A magistrate judge in Brooklyn, New York, agreed to accept Shkreli's account as collateral for the bond, but placed a number of tight restrictions on the deal. Shrekli had until Friday to determine what assets he wanted to use to secure his release.
The judge, Kiyo Matsumoto, barred Shkreli, any of his relatives, employees or other associates from selling off or transferring any of the holdings in the E-Trade account, or using the account to secure any other debt. Matsumoto also ordered E-Trade to let federal prosecutors in Brooklyn know if the assets in the account are valued at less than $5 million.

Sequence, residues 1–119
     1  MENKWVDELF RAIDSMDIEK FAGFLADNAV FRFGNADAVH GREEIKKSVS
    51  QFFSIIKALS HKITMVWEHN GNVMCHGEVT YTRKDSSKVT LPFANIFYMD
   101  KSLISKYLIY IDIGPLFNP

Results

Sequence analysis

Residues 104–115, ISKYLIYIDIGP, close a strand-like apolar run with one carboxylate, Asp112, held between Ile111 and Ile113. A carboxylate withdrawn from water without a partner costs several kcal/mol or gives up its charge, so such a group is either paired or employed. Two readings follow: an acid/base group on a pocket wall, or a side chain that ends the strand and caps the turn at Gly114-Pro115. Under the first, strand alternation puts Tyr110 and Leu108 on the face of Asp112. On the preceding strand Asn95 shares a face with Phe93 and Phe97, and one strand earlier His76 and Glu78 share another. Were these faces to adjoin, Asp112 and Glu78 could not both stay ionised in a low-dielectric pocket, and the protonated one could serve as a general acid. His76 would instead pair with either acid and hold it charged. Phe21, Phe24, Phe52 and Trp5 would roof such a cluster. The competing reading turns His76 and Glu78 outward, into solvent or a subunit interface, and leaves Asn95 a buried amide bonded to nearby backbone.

Shkreli, 32, was arrested last month on charges related to his actions at the hedge fund he previously ran, and the pharmaceuticals firm, Retrophin, that he founded and ran until his ouster by the company's board of directors in 2014. Shkreli is accused of looting Retrophin to pay off investors whom he was suspected of defrauding at the hedge fund, and also is accused of misrepresenting the amount of assets his fund had under management.